Commerce groups respond to budget

May 17, 2022 BY

Geelong Chamber of Commerce chief executive officer Ben Flynn. Photo: SUPPLIED

COMMERCE and trader groups have welcomed big spending health and tourism items in this month’s State Budget but have observed the region’s infrastructure isn’t keeping up with its booming population.

Big-ticket items include a $500 million expansion of Geelong’s women’s and children’s hospital, $2.6 billion to develop infrastructure for the 2026 regional Commonwealth Games and $1 billion being made available in low-interest loans to help community housing agencies build up to 6,000 more homes.

“It was a big-spending budget and that should be welcomed, it’s good for growth … it wasn’t the right time to see cuts to spending or austerity,” Geelong Chamber of Commerce chief executive officer Ben Flynn said.

“I think there’s a bit in it for Geelong, a new hospital, critical skills development,” he said, adding that this included $2 million for new plumbing and carpentry workshops at The Gordon TAFE.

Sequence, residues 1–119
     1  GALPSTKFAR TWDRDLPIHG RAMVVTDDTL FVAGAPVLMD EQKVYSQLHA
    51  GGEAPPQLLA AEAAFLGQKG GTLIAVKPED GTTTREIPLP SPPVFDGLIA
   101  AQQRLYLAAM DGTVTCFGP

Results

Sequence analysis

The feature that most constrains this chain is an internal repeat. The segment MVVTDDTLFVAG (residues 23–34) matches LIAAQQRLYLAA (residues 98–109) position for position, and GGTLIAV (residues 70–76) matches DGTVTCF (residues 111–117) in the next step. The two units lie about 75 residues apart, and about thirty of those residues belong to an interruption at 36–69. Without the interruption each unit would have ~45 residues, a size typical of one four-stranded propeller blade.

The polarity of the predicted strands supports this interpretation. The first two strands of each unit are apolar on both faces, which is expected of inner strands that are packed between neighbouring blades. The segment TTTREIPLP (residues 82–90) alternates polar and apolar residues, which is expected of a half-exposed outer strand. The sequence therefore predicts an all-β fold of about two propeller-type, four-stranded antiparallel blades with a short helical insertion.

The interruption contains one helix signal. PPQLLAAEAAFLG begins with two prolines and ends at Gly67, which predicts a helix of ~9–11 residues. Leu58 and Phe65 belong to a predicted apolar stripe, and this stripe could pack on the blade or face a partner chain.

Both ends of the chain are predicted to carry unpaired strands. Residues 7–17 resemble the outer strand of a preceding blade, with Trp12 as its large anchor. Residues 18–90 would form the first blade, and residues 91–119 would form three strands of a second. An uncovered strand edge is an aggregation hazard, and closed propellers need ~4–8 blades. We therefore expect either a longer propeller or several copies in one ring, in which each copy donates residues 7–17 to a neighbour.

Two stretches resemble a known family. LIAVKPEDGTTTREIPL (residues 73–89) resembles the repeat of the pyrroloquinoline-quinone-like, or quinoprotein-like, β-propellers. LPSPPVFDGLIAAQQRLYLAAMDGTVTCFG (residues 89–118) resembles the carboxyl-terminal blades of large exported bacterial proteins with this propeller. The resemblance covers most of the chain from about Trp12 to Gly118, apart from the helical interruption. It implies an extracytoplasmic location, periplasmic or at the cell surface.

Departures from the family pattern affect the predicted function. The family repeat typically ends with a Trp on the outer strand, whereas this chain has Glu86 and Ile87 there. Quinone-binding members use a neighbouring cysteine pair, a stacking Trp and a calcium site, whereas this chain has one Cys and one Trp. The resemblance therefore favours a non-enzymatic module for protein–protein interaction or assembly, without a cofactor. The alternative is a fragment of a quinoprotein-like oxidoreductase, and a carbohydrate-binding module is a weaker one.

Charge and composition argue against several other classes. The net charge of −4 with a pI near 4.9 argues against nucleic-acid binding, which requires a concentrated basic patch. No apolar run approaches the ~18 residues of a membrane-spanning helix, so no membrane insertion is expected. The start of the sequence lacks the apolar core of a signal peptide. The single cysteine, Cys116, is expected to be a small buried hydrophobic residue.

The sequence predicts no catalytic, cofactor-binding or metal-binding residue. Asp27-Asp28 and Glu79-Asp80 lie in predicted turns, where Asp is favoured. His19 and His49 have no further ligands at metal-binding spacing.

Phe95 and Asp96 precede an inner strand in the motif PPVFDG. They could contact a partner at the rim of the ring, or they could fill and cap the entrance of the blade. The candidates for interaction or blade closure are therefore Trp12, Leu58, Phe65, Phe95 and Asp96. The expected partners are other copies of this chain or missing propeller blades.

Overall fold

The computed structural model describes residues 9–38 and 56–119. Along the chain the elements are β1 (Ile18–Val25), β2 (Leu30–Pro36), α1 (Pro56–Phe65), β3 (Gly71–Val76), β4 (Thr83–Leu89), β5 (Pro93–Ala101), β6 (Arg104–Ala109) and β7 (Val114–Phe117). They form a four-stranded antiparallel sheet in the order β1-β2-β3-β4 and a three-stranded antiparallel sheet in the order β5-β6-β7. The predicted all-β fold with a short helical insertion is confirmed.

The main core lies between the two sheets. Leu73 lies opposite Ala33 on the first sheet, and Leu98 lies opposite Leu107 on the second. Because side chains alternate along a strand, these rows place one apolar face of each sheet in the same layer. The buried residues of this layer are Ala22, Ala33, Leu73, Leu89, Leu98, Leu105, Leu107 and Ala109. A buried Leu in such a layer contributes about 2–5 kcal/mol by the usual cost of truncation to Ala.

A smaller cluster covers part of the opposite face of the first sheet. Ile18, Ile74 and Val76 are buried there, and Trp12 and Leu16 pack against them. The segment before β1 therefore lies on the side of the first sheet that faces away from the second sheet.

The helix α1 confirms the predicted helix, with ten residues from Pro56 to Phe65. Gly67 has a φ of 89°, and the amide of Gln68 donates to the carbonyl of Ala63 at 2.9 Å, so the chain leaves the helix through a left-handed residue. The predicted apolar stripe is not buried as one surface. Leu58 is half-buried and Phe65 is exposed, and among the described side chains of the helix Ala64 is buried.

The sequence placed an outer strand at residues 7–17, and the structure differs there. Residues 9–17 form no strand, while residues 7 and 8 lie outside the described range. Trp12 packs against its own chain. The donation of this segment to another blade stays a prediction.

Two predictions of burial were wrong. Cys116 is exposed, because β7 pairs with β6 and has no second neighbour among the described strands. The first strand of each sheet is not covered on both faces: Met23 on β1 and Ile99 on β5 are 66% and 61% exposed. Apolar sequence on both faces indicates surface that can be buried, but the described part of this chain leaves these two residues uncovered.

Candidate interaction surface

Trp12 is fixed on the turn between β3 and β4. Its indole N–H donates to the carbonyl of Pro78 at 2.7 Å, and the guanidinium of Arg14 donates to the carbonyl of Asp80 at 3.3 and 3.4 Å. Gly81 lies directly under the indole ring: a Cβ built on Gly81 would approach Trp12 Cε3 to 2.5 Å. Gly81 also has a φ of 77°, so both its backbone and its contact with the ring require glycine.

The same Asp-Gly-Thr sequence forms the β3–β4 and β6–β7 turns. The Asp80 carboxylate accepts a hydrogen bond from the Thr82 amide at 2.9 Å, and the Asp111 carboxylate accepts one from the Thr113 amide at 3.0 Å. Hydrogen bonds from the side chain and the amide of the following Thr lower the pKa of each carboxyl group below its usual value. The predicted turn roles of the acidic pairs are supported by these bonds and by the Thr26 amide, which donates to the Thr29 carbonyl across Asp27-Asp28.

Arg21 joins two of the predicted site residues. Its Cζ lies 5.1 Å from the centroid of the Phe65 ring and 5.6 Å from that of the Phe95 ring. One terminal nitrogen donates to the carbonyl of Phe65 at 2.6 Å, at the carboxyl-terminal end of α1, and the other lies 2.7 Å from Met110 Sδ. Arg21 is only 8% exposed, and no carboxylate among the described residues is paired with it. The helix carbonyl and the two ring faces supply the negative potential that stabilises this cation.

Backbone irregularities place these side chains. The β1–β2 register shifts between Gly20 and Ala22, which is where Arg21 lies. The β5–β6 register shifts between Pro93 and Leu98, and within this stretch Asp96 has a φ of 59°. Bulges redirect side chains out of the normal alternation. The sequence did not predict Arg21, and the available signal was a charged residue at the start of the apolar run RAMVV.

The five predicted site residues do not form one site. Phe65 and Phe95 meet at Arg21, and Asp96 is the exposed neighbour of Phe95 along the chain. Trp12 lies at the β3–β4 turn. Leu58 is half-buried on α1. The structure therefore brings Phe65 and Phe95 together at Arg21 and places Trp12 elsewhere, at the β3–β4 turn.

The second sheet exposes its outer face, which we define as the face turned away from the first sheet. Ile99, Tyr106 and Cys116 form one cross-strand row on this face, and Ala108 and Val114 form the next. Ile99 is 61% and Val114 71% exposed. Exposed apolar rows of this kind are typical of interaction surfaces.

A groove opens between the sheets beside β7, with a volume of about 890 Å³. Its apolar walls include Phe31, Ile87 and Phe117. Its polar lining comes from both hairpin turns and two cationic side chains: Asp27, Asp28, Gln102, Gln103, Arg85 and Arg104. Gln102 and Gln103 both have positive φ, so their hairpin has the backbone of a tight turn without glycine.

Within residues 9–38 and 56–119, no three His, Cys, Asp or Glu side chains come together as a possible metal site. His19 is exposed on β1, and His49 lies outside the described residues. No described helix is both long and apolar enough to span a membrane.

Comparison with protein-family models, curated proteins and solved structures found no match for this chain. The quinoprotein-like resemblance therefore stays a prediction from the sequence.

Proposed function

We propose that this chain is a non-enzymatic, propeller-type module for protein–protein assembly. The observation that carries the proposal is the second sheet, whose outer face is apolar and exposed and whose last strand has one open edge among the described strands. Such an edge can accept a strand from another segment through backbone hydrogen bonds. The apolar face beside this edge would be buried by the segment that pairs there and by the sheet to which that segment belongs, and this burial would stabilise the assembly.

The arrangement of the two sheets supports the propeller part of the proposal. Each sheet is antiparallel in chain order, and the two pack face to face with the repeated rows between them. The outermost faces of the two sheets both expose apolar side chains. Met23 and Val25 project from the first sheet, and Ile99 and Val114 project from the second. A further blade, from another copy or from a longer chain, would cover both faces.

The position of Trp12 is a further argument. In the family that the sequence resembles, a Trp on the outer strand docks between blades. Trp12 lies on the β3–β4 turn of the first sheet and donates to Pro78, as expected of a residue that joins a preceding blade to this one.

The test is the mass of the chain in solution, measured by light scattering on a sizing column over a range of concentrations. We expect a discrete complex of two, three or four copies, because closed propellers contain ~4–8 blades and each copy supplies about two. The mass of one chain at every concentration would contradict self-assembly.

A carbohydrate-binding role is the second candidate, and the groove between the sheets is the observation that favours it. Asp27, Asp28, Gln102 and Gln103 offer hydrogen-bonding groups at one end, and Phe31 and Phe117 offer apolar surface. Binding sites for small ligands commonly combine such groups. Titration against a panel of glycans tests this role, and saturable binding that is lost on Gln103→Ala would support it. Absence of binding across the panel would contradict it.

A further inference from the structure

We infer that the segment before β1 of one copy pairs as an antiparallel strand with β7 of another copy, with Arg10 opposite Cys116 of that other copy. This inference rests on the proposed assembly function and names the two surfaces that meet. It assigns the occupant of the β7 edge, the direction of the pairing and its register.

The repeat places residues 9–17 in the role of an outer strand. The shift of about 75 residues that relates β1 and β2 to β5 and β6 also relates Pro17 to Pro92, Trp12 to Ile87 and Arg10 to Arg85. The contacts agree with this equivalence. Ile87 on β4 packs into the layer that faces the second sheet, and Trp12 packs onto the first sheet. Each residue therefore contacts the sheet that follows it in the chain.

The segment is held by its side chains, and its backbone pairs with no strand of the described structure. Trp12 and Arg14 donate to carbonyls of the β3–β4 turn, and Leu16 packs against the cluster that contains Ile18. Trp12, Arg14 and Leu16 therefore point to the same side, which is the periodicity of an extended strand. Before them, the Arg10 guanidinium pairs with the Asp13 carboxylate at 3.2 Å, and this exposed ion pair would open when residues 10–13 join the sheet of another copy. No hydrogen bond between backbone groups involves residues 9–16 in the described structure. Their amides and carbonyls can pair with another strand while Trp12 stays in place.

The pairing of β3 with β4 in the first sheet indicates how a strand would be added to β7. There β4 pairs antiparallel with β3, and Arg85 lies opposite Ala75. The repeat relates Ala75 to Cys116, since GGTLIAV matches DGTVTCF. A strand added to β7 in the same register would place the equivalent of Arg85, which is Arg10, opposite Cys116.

Mr Flynn said spending on projects to prepare regional Victoria for the Commonwealth Games would be good for Geelong, but as the nation’s fastest growing city there was more that needed to be done here.

“Investments in that will be large, that will turbocharge our infrastructure … but it’s not strong enough, we need continued investment in transport so our city can continue to grow.”

Business and Tourism Anglesea’s (BATA) Damian Cerantonio. Photo: JAMES TAYLOR

Business and Tourism Anglesea (BATA) president Damian Cerantonio agreed that the Commonwealth Games would be a boost for tourism, describing it as a “major announcement”, but worried that skills and labour shortages were not being addressed, nor were housing shortages.

“The biggest issue remains workers and staff, it’s the biggest omission from the budget. Unless our businesses are resourced and staffed, there’s almost no point.

“Whether it’s social or affordable housing or just housing in general, it’s an issue across the board.”

As the state emerges from more than two years of lockdowns, both the chamber and BATA lament that more wasn’t done to reduce burdens on business.

“There could have been something in terms of payroll tax reductions, there seems to be no logic why businesses are penalised for hiring staff, we could have seen reforms there,” Mr Cerantonio said.

“We’d always like to see reductions in payroll taxes, and other taxes on business, but that may come down the track,” Mr Flynn added.